A corporate-crime perspective on fisheries: liability rules and non-compliance

12 May 2016 12:51

(updated: 7 September 2017 12:32)

A corporate-crime perspective on fisheries: liability rules and non-compliance

The article "A corporate-crime perspective on fisheries: liability rules and non-compliance" by Frank Jensen and Linda Nøstbakken has been published in Environment and Development Economics.

The article "A corporate-crime perspective on fisheries: liability rules and non-compliance" by Frank Jensen and Linda Nøstbakken has been published in Environment and Development Economics.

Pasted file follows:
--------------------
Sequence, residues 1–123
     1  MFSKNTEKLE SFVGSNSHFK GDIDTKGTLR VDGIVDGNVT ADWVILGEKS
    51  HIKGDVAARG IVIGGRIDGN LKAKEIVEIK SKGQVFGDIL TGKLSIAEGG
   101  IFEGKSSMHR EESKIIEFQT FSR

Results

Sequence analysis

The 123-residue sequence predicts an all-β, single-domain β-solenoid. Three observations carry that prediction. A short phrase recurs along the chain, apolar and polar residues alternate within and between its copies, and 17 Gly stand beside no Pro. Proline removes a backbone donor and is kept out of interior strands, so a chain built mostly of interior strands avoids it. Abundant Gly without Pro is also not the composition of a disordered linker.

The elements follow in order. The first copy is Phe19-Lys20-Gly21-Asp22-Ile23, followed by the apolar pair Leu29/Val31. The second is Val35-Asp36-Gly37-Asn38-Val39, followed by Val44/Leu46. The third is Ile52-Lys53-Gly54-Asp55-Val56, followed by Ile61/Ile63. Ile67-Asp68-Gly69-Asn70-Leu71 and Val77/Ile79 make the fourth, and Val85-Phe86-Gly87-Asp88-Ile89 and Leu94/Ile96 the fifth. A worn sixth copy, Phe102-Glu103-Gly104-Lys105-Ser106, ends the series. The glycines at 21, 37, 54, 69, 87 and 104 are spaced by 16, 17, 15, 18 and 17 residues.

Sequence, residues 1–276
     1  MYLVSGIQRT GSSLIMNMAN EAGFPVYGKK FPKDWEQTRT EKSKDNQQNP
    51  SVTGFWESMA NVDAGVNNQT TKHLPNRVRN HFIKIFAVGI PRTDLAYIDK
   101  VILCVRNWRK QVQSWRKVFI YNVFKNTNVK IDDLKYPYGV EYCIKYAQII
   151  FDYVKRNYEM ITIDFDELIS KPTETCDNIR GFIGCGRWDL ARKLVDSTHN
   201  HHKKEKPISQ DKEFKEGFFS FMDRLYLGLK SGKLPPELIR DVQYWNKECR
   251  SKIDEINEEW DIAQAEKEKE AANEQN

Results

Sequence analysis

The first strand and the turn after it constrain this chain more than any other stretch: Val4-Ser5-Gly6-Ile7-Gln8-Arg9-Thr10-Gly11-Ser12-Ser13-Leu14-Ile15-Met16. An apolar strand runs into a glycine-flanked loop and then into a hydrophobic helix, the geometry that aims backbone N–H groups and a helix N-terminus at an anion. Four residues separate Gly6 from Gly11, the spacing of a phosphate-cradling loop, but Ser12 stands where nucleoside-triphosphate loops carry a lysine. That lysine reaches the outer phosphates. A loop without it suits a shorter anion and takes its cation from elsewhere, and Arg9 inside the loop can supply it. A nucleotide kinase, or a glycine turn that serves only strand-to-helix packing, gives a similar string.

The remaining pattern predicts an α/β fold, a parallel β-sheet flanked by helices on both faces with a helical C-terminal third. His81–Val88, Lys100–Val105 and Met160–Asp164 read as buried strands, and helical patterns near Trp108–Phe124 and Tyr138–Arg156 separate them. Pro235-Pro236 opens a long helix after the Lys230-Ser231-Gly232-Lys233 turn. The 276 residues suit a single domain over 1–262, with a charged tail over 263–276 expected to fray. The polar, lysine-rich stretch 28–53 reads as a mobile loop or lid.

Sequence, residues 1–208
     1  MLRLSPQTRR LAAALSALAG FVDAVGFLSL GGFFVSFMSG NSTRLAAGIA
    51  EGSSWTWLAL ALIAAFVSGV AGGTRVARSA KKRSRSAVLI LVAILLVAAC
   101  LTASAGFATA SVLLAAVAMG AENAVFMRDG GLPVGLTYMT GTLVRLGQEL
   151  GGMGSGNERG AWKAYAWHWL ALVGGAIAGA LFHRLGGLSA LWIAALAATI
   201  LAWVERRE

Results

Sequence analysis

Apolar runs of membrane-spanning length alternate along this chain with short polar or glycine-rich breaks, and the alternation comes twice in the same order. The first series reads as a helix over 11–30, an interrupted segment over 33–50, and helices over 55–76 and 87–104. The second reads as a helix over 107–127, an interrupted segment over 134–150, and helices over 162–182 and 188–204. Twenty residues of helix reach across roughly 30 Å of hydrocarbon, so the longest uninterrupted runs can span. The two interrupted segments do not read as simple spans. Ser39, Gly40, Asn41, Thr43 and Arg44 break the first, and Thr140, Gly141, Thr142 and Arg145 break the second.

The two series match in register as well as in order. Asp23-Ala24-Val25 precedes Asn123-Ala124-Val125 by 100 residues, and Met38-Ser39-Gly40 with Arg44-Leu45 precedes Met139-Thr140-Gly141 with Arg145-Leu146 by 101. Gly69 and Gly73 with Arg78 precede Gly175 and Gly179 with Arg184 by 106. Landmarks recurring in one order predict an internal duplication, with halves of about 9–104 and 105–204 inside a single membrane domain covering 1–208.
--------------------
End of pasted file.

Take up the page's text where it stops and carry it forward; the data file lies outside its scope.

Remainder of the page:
Abstract:

The existing fisheries economics literature analyzes compliance problems by treating the fishing firm as one cohesive unit, but in many cases violations are committed by agents acting on behalf of a firm. To account for this, we analyze the principal–agent relationship within the fishing firm. In the case where the firm directly benefits from illegal fishing, the firm must induce its crew to violate regulations through the incentive scheme. Within this framework, we analyze how the allocation of liability between fishing firms and crew affects quota violations and the ability to design a socially efficient fisheries policy. We show that without wage frictions, it does not matter who is held liable. However, under the commonly used share systems of remuneration, crew liability generally yields a more efficient outcome than firm liability. Furthermore, asset restrictions may affect the outcome under various liability rules.

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